Research in Progress: The impact of transparency and how it shapes trust

December 12, 2018

Toby Hopp and Jolene Fisher

By Toby Hopp and Jolene Fisher, University of Colorado at Boulder

Public trust in the key institutions of business, government, NGOs and media has reached an all-time low, according to the 2017 and 2018 publications of the Edelman Trust Barometer.

Trust, as we are now well aware, is in a state of crisis. Accordingly, organizations are looking for ways to build trust, credibility and goodwill with ever more skeptical audiences. It is within this context that an emphasis on transparent organizational communication has come to the fore in the field of public relations.  

Transparent communication has been offered through both scholarly public relations and trade literature to build (or rebuild) stakeholder trust, bolster legitimacy and reputation, and maintain strong stakeholder relationships. Many organizations have taken this general idea—that transparency equals positive stakeholder gains—and run with it.

But our current understanding of both the concepts of trust and transparency individually, as well as the ways in which transparency influences trust, is rather limited.

Significant work has been done in the academic field in terms of defining and categorizing the concept of transparency, but there remains limited work on the impacts of transparent communication on audiences, and on how the transparency-to-trust building process operates. Having this understanding will be important to the strategic communication efforts of industry, as well as to the building of a theory-driven analysis of transparency within the scholarly field.

Especially because, as previous studies have shown, transparent communication does not always have the intended positive effects. In fact, some organizational transparency practices have been shown to damage or inhibit stakeholder trust in specific contexts, and, while transparent communication practices generally create positive stakeholder feelings toward the organization, those positive feelings do not necessarily result in trust for the organization or its business practices.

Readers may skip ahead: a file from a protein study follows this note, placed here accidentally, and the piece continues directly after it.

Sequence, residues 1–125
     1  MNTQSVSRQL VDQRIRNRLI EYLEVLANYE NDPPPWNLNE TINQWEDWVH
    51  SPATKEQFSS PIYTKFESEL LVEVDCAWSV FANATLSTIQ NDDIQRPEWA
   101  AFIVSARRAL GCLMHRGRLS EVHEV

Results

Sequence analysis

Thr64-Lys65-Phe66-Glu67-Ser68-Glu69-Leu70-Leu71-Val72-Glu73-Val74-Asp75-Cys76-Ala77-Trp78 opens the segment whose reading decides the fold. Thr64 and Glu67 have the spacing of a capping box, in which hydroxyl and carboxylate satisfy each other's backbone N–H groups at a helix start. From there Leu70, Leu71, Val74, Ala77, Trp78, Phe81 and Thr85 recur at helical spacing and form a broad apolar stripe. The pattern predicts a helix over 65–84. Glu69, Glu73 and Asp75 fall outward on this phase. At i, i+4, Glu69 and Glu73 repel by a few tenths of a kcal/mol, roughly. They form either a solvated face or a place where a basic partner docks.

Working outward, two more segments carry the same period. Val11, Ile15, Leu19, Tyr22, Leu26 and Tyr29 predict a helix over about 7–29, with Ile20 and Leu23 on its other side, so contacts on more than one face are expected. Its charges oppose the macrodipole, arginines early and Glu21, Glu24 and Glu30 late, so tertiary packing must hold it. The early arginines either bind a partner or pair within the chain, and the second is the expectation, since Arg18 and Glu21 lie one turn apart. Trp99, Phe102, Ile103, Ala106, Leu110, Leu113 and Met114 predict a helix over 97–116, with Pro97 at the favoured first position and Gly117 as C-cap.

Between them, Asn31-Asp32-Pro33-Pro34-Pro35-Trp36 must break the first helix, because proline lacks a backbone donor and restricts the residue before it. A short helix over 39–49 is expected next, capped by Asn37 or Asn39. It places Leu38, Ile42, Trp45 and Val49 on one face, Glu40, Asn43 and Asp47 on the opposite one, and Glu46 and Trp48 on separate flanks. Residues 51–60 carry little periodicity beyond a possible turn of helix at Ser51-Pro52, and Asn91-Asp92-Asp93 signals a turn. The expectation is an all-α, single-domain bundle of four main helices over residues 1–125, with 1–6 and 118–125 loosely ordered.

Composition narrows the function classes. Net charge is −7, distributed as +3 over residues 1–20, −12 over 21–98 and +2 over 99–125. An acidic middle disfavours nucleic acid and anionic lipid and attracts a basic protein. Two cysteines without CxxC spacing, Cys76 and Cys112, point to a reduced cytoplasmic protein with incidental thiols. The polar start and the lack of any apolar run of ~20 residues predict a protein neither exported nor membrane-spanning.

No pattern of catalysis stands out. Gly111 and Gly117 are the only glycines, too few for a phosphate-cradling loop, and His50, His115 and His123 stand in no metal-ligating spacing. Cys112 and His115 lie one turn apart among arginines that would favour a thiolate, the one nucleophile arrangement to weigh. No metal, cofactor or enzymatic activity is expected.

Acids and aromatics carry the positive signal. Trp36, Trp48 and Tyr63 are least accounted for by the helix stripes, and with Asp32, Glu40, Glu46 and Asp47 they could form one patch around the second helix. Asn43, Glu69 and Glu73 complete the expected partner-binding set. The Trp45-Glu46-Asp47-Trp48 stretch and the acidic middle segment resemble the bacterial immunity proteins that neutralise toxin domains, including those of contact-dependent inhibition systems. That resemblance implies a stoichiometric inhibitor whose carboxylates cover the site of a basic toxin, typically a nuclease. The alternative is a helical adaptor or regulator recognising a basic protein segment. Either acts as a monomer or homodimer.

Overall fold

Having a clearer, contextually-driven depiction of the impacts of transparent communication on stakeholder relationships is necessary. Clear calls have been made within the field for a stronger theoretical understanding of transparency, and an obvious need exists within the industry and social landscape at large.  

In response to this need, we will use support from the Arthur W. Page Center to begin a series of studies that look at a variety of facets of organizational transparency and its impacts on audiences. The first of these studies seeks to develop and test a theoretical model of transparency effectiveness. This model is characterized by three key propositions:

  1. Organizational transparency offers audiences an opportunity to learn more about brand-level functioning
  2.  Perceived learning elicits a positive affective state
  3. Brand-related positive affect helps facilitate a durable relationship between perceived learning outcomes and positive brand evaluation, specifically as it pertains to outcomes such as trust and credibility.

In an era of declining institutional trust, it is important that we better understand both (a) how organizations can use communication to build trust and (b) how such trust-building works on a psychological level.

It is our hope that the currently described research will contribute to both objectives.

For further information on this study, email Hopp at or Fisher at Results from the study will be available next year. This project is supported by a Page/Johnson Legacy Scholar Grant from the Arthur W. Page Center.